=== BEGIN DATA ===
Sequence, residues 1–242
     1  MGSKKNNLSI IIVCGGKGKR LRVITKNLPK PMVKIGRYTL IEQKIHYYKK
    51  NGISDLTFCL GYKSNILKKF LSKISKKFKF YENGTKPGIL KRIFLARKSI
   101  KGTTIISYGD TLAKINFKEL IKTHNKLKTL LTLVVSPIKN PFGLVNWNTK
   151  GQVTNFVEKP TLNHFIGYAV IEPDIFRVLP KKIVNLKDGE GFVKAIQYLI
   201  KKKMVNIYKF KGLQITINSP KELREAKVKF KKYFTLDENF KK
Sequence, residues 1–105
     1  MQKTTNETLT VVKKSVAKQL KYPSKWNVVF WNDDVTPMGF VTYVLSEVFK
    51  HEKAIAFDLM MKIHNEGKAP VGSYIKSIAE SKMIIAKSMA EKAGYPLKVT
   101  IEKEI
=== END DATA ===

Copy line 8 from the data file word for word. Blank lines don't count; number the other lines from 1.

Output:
     1  MQKTTNETLT VVKKSVAKQL KYPSKWNVVF WNDDVTPMGF VTYVLSEVFK